It is the height of the tax season as this column goes to press, and an appropriate time to remind seniors about certain benefits to which they may be entitled under the Internal Revenue Code. Seniors and taxpayers in general, need to keep abreast of the changes in the tax laws if they are to take full advantage of the deductions and credits that are available to them. Recent changes and the increasing complexity of the tax code do little to help this.
One of the most basic deductions for seniors is medical expenses. These deductions are an important benefit for many taxpayers, but especially for the elderly population. These deductions are of even more significance when one takes into account the rise in medical costs combined with low and/or declining incomes for the elderly.
To take advantage of the deductions for medical costs, an individual must itemize the deductions on his/her tax return. Many seniors will be able to deduct medical expenses paid for themselves, spouses and dependents. Individuals are allowed to deduct all qualified costs (including dental expenses) that total in excess of 7.5 percent of their adjusted gross income. These deductions must be taken in the taxable year in which they were paid.
Once an individual’s total costs exceed 7.5 percent of his/her adjusted gross income, he/she generally is allowed to deduct expenses paid to alleviate or prevent a physical or mental illness. For instance, the cost of diagnosis, treatment, or prevention of disease and illness is deductible. In addition, the costs for prescription drugs are deductible. Other qualified medical costs include payments for hospital services, laboratory fees, qualified long-term care services, rehabilitative services and personal care and nursing services.
Of particular concern to seniors are the deductions allowed for the last three categories - long-term care services, nursing services and rehabilitative services. To qualify, these expenses must be incurred by a “chronically ill individual,” and further, they must be provided as part of a treatment plan approved by a health care professional. According to the Internal Revenue Service (the “IRS”), a chronically ill individual is someone who has difficulty performing at least two of the activities of daily living, (i.e., eating, toileting, transferring, bathing, dressing and continence). Severe dementia or Alzheimer’s disease will also qualify the patient as chronically ill if such condition creates a risk to his or her personal safety.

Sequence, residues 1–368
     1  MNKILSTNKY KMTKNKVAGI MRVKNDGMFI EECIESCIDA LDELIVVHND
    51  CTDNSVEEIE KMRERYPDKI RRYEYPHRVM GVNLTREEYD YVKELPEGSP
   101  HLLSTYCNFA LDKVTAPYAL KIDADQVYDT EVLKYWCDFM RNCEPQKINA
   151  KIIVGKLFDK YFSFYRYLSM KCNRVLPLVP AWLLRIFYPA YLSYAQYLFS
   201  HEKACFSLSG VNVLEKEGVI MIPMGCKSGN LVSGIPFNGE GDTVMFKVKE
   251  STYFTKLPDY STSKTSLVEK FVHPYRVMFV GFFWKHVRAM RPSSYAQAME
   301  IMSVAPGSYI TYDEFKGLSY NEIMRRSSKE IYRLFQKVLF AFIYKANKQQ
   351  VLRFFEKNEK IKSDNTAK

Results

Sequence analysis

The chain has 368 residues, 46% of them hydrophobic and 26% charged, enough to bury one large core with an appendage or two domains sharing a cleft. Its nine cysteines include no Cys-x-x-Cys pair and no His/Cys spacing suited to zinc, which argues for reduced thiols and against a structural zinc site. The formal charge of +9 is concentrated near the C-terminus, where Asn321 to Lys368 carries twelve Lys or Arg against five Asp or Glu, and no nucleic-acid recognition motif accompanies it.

Another important category of deductions for seniors is the cost of long-term care insurance. Generally, long-term care insurance cannot be deducted for federal income tax purposes unless the cost of the insurance and all other qualified medical expenses exceed 7.5 percent of the individual’s adjusted gross income. Further, the amount of the premium that can be deducted for federal income tax purposes is limited to the following: for insured 40 years old or younger the deduction is limited to $290; for insured ages 41 – 50 the deduction is limited to $550; for insured ages 51 – 60 the deduction is limited to $1,110; for insured ages 61 – 70 the deduction is limited to $2,950; and for insured 71 years old or above the deduction is limited to $3,680.
New York State has taken a more aggressive stand and permits an individual to take a 20 percent credit of the premiums paid off his/her NYS income taxes. That means that if the long-term care insurance costs a New York State resident $5,000, then he/she will receive a credit for $1,000 off NYS income taxes that would have otherwise been owed.
Some additional medical deductions for seniors may include the cost of items such as dentures, prescription eyeglasses, contact lenses, hearing aids, crutches and wheelchairs. Finally, seniors may be able to deduct travel expenses incurred primarily to obtain medical care. However, seniors would be well advised to consult with a tax professional before claiming these costs as a deduction.
Clearly, seniors can gain quite a bit in savings if they understand and utilize the credits and deductions available to them. Seniors and taxpayers in general, should keep proper records and be able to document these costs. Particular care should be taken with cases where a home care attendant is involved. The IRS will require that such care is part of a plan prescribed by a health care professional.
Ronald A. Fatoullah, Esq. is the principal of Ronald Fatoullah & Associates, a law firm that concentrates in elder law, estate planning, Medicaid planning, guardianships, estate administration, trusts and wills. The firm has offices in Forest Hills, Great Neck, and Brooklyn, NY. Fatoullah has been named a “fellow” of the National Academy of Elder Law Attorneys and is a former member of its Board of Directors. He also serves on the Executive Committee of the Elder Law Section of the New York State Bar Association. Fatoullah has been certified as an Elder Law Attorney by the National Elder Law Foundation. Fatoullah currently chairs the Legal Committee of the Alzheimer’s Association, LI Chapter and is a co-founder of Senior Umbrella Network of Queens. The firm can be reached by calling 718-261-1700 or 516-466-4422, or toll free at 1-877-ELDER-LAW or 1-877-ESTATES.
* Certified as an Elder Law Attorney by the National Elder Law Foundation.